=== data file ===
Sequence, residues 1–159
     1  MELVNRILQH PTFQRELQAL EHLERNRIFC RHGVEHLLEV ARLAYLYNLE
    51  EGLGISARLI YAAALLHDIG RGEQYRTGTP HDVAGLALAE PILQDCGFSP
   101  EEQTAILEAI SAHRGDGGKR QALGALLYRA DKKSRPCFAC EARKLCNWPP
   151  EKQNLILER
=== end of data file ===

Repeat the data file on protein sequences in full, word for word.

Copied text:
Sequence, residues 1–159
     1  MELVNRILQH PTFQRELQAL EHLERNRIFC RHGVEHLLEV ARLAYLYNLE
    51  EGLGISARLI YAAALLHDIG RGEQYRTGTP HDVAGLALAE PILQDCGFSP
   101  EEQTAILEAI SAHRGDGGKR QALGALLYRA DKKSRPCFAC EARKLCNWPP
   151  EKQNLILER